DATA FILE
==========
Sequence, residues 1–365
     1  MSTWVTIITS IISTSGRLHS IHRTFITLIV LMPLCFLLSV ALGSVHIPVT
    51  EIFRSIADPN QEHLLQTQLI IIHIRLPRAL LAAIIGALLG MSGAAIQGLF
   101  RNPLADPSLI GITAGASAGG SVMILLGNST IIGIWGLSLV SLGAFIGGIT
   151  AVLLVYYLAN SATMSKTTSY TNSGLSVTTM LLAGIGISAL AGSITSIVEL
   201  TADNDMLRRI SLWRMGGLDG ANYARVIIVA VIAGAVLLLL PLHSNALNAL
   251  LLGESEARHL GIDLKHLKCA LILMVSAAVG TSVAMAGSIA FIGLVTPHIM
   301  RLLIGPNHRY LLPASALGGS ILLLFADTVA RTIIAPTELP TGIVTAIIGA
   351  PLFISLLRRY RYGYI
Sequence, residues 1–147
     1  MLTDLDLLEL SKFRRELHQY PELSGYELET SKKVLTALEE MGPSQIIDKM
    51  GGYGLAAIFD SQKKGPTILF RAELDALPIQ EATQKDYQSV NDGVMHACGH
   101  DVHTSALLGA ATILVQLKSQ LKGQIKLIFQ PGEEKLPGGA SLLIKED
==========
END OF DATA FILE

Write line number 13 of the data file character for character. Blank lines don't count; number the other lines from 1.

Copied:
   101  DVHTSALLGA ATILVQLKSQ LKGQIKLIFQ PGEEKLPGGA SLLIKED